Friday, September 18, 2015

The Finds You Can Find Probate Gold

The Finds You Can Find Probate Gold

My previous post mentioned the roll-out of Ancestry's Probate and Wills collection. The availability of the collection was right before Labor Day. Perfect, a nice, long weekend to dive in, explore and find that genealogy gold. 

The Finds You Can Find Probate Gold

Over the Labor Day weekend, the collection was free to access for anyone. Those who hold an Ancestry subscription (that's golden just by itself) have been able to continue to search, review and share our findings, with much excitement.

As a sign of my disapproval of her course of life

The interesting little tid-bit I found right off the bat was that my 3rd Great Grandfather, Joseph Lucking, had an issue with his daughter Marie and how she had chosen to live her life. How great is that? Yes, it's sad that they obviously had issues, but without Joseph stating such in his will I would never have known that I needed to take a closer look at wayard Marie. What makes a daughter "wayward" in the late 1800's? Not sure, but I'm looking forward to finding out.

As soon as the records became available, my approach to searching the record set was all-in with both feet. And, that is ok, I mean, look what I found! I also found a 127 page probate file for my husbands 3rd Great Grandfather, Thomas Greenstreet. That probate packet is going to take some time to download and review, one page at a time. But it's all good. Without making this collection available who knows how many years it would be before I had access to this information.

Now that the initial excitement of the collection has receded, it is time to settle down and perform more focused research within the wills and probates. To me, new record collections are no different than getting a new phone. You start playing with all the bells and whistles to begin with, then get serious and start reviewing the manual.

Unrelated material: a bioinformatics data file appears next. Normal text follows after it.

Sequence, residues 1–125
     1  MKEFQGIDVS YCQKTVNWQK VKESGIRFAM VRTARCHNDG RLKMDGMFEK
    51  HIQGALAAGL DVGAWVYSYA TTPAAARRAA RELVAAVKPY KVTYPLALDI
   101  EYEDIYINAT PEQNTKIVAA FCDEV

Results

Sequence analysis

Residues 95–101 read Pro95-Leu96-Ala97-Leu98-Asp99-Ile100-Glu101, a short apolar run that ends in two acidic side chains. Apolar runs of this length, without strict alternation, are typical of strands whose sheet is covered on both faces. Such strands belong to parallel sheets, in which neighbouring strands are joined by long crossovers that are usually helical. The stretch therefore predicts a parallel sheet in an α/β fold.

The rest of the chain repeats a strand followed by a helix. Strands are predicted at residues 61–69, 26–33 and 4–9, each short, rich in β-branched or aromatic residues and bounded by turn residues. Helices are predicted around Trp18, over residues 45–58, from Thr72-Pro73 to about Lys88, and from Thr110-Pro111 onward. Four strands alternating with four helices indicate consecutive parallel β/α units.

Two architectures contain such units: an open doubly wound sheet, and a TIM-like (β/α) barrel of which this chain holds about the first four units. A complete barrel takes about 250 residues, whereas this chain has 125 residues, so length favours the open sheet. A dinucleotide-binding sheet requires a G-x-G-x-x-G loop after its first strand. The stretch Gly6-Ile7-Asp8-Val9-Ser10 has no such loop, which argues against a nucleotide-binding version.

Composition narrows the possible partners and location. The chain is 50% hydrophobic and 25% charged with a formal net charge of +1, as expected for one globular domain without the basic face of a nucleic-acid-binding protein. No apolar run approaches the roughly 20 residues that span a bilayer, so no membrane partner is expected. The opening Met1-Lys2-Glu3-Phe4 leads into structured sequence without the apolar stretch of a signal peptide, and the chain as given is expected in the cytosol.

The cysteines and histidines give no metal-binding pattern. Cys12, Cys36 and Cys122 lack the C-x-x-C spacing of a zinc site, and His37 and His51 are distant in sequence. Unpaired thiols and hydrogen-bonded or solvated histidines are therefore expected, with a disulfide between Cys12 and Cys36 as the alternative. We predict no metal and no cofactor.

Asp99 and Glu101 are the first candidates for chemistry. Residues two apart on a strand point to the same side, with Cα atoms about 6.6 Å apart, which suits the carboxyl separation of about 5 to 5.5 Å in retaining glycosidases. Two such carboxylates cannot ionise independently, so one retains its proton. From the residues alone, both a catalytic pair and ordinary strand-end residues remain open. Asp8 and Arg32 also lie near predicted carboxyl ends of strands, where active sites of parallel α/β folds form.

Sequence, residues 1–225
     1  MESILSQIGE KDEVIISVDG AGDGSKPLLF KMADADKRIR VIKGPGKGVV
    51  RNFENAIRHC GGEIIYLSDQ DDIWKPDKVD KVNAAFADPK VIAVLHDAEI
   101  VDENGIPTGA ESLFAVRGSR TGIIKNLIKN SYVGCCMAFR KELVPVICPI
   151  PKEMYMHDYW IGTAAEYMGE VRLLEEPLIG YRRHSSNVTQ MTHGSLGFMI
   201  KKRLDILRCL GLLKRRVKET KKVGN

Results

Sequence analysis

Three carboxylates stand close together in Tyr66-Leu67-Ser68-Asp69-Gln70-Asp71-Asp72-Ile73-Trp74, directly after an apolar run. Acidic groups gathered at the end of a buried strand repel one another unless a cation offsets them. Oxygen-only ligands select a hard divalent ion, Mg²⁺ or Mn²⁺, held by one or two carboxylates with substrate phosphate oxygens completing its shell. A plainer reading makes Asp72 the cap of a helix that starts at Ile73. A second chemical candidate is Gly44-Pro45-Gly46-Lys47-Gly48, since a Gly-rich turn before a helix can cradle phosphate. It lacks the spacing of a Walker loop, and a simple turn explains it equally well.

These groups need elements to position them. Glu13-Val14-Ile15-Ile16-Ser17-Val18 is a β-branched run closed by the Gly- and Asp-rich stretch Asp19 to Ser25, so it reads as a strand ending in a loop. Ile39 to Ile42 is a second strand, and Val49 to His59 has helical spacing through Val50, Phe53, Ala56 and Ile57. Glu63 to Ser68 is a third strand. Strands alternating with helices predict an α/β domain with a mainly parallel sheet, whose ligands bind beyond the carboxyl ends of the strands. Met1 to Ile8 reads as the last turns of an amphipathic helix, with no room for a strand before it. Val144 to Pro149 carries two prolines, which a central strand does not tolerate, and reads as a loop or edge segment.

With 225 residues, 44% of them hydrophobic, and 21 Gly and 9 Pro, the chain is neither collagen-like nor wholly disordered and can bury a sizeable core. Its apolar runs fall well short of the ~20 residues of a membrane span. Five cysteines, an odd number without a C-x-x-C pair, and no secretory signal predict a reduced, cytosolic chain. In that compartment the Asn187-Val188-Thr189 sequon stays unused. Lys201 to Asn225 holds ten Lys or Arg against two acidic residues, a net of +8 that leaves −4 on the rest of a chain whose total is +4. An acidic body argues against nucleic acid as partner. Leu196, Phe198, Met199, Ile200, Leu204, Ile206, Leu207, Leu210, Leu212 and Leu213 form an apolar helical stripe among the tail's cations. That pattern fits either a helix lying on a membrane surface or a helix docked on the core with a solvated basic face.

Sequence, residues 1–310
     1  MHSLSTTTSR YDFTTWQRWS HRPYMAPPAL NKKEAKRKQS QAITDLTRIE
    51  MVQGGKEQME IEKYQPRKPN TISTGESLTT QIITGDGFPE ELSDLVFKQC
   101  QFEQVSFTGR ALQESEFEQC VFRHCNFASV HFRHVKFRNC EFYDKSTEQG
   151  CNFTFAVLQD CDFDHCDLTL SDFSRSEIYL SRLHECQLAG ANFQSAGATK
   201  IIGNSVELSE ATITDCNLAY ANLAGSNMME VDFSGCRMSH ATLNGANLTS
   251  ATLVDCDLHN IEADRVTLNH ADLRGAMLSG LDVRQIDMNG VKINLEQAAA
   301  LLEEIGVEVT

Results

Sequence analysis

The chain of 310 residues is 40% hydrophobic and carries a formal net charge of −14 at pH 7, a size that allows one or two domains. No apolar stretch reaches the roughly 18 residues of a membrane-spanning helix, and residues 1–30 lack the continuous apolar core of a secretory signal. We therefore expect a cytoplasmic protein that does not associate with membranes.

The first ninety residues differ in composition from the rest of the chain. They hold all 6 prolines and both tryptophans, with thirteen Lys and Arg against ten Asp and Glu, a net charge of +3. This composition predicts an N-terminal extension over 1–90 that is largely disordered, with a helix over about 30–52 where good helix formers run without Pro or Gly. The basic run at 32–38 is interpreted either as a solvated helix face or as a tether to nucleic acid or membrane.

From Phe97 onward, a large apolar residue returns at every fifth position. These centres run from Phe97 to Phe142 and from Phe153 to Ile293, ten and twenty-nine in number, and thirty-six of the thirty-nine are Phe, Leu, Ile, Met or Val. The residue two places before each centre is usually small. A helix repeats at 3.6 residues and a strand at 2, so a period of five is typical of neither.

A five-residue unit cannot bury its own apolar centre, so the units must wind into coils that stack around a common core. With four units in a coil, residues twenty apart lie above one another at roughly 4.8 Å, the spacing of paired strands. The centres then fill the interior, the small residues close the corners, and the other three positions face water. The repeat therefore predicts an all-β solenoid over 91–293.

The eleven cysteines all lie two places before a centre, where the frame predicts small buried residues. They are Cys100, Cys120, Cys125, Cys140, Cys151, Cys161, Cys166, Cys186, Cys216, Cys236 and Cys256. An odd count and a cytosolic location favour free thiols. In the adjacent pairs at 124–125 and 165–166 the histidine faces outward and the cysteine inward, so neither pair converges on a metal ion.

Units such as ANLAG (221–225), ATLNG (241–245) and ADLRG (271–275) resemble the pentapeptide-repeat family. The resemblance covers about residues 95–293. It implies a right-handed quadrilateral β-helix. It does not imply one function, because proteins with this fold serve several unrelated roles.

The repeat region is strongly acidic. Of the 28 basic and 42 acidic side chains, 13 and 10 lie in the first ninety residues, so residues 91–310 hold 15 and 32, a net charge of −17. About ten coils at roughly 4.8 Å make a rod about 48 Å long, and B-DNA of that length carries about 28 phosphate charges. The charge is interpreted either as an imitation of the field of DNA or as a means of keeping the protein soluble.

The Probate and Wills collection is popular among genealogists

  • Crista Cowan, with, has created a video overview of the collection and demonstrates how best to search for maxium results. The video is titled Getting Started With Probate Records and you can watch it here.
  • Randy Seaver of Geneamusings has been blogging about the probate gold he has been finding. You can read about one winning search here.  
  • This blog post is not directly related to the Ancestry probate and wills collection. However, it is a very valuable read covering how you should approach researching in a new database. Amy Johnson Crow gives some great tips (all-in, with both feet doesn't seem to be one of them).

Now, it's time to get back to mining for more geneagold.

1. Probate Records; Author: New Jersey. Surrogate's Court (Essex County); Probate Place: Essex, New Jersey, New Jersey, Wills and Probate Records, 1656-1999 [database on-line]. Provo, UT, USA: Operations, Inc., 2015. Original data: New Jersey County, District and Probate Courts.


Tuesday, September 15, 2015

Watch Look Listen - In the Spotlight for September

Helping you break through the noise

To help you break through the noise of the large selection of audio and video content available, I'm spotlighting podcasts and video content that has a high educational and/or entertainment value.

Watch Look Listen - In the Spotlight for September

In the spotlight audio content:

Two episodes from The Genealogy Professional Podcast with Marian Pierre Louis.
Episode 05 - Cinnamon Collins - Tennessee Genealogist
Episode 23 - Kathleen Brandt - Military Research

 In the spotlight video content:

Wacky Wednesday - DearMyrtle HOA with Cyndi Ingle

See my previous post in this series here. Follow my Pinterest board For Podcast Junkies Like Me for more podcasting goodness.

Friday, September 4, 2015

Free Genealogy Records From Ancestry and NEHGS

Free Records Access For Labor Day Weekend 2015
What does a genealogist love more than a three day weekend to devote to research?

Free records to access!!

Both and the New England Historic Genealogical Society (NEHGS) have announced free records access for the 2015 Labor Day Weekend. launched their Wills and Probate collection, offering access to that collection as well as their birth, marriage and death records free of charge through Monday September 7th. You will need to set up a free account to access the records. Just think, in exchange for your email address you will have free access to these amazing collections.

NEHGS is getting in on the Labor Day weekend action as well. With access to their census, tax and voter lists you may crush that brick wall you are facing with your New England ancestors. Your free access to this collection is available until September 9th. Again, you will need to set up a user account but after that you will be off to the races.

I am looking forward to searching both collections. I wish you success in your Labor Day research endeavors. Let me know what you find.